George Diemer
Michael A. Leeds

The possibility that coaches, players, or referees might be involved in point shaving has been a subject of debate since Wolfers’s (2006) controversial finding that favorites in NCAA college basketball games fail to cover point spreads with disturbing frequency. We reconcile Wolfers’s finding with evidence provided by Borghesi (2008), Borghesi and Dare (2009), and others that heavy favorites are not, on average, less likely to cover the point spread. We find that the distribution of game outcomes is bimodal, with one peak on one side of the “no corruption” outcome and one peak on the other...Read more

Randy R. Grant
John C. Leadley and Zenon X. Zygmont

The paper estimates the key determinants of compensation for head football coaches in the NCAA’s Football Bowl Subdivision (the former D-IA) during the years 2006- 2010. Coaching compensation is regressed on variables capturing a coach’s personal characteristics, productivity, and institutional characteristics. The results yield seven important explanatory variables. Four are coach specific: BCS ranking, recruiting success, lifetime winning percentage, and years of experience. The remaining three are institutional: football revenue, enrollment, and graduation rate. No estimate of a...Read more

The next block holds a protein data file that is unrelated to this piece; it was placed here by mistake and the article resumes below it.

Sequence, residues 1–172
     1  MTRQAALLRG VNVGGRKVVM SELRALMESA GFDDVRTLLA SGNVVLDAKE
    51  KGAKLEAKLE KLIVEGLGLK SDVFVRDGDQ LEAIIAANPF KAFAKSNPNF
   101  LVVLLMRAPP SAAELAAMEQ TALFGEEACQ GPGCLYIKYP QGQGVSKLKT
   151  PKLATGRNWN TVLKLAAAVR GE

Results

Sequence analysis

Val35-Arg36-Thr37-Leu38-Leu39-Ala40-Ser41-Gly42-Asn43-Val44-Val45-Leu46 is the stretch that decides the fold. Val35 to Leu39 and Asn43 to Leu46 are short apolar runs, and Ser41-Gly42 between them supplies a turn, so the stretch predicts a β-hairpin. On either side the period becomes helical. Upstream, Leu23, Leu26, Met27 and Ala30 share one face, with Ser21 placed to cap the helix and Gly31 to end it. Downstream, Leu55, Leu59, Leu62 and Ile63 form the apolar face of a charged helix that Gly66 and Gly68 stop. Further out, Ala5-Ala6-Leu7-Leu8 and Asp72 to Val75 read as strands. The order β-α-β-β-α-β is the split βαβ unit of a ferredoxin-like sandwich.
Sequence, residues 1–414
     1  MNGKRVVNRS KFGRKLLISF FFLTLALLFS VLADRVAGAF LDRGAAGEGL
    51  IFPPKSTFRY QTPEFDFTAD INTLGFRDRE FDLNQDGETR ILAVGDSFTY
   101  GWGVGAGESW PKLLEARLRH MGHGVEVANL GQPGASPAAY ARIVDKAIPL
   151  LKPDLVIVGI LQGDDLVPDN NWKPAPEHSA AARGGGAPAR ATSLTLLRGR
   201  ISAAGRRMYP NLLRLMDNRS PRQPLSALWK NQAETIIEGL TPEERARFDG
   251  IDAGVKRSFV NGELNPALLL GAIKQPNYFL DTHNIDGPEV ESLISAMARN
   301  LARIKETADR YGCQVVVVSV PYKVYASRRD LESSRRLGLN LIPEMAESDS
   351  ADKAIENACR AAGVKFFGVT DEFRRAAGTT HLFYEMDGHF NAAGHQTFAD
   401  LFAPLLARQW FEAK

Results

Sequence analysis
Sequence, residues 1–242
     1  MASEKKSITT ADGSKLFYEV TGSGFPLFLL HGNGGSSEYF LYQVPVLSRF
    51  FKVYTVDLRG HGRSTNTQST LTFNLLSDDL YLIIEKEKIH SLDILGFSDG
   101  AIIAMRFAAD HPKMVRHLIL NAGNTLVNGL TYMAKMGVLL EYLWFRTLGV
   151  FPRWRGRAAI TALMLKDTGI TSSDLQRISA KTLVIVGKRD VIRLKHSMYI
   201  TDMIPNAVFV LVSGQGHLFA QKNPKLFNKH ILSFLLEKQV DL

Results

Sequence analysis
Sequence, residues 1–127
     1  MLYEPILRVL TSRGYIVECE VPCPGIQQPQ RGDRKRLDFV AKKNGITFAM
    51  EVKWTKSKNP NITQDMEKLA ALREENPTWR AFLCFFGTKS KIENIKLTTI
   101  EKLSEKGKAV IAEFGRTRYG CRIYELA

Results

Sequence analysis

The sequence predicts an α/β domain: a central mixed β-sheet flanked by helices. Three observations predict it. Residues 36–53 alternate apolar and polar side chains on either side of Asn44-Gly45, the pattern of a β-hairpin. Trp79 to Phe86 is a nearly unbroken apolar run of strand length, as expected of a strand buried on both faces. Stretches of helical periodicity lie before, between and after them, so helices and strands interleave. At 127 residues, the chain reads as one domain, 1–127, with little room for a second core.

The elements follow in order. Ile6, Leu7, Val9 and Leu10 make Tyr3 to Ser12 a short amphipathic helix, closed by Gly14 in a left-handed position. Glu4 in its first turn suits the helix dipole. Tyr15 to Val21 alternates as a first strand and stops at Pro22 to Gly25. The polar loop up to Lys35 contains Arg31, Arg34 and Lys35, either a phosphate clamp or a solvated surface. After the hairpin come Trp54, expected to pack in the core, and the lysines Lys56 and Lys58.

Leo H. Kahane

We employed a methodology similar to Brown (1993, 1994) to estimate the marginal revenue generated by a top-flight NCAA Division I college hockey player. We added to the extant literature in two ways. First, the previous research focused on college basketball and football players. This is the first attempt to consider the case of college hockey players. Second, previous research has been conducted using relatively small, cross-sections of data. We employed a larger, panel dataset. Empirical results showed that top-flight college hockey players generate between $131,000 and $165,000 in...Read more

Craig A. Depken II
Courtney Williams
Dennis P. Wilson

This paper provides an empirical analysis of attendance to Division I women’s collegiate basketball programs from 2000-2009. The evidence suggests that women’s basketball attendance is sensitive to many of the same variables known to influence attendance to men’s collegiate basketball, including current and recent team quality, recent post-season success, and school characteristics. We further investigate whether college football is a complement, a substitute, or an independent of women’s basketball on campus. Investigating complementarity is of practical importance as schools continue to...Read more

Stacy L. Brook
Sarah Foster

Due to significant salary differences between male and female employees, NCAA institutions have been accused of gender compensation discrimination. However, we hypothesize that some of these compensation differences may be a result of market forces as opposed to overt discrimination. To test this hypothesis, we created a statistical model incorporating variables affecting NCAA school revenues and coaching performance, and use a linear regression to estimate the statistical impact each variable has on compensation. Our empirical findings do not find employer discrimination of NCAA...Read more

Marvin Washington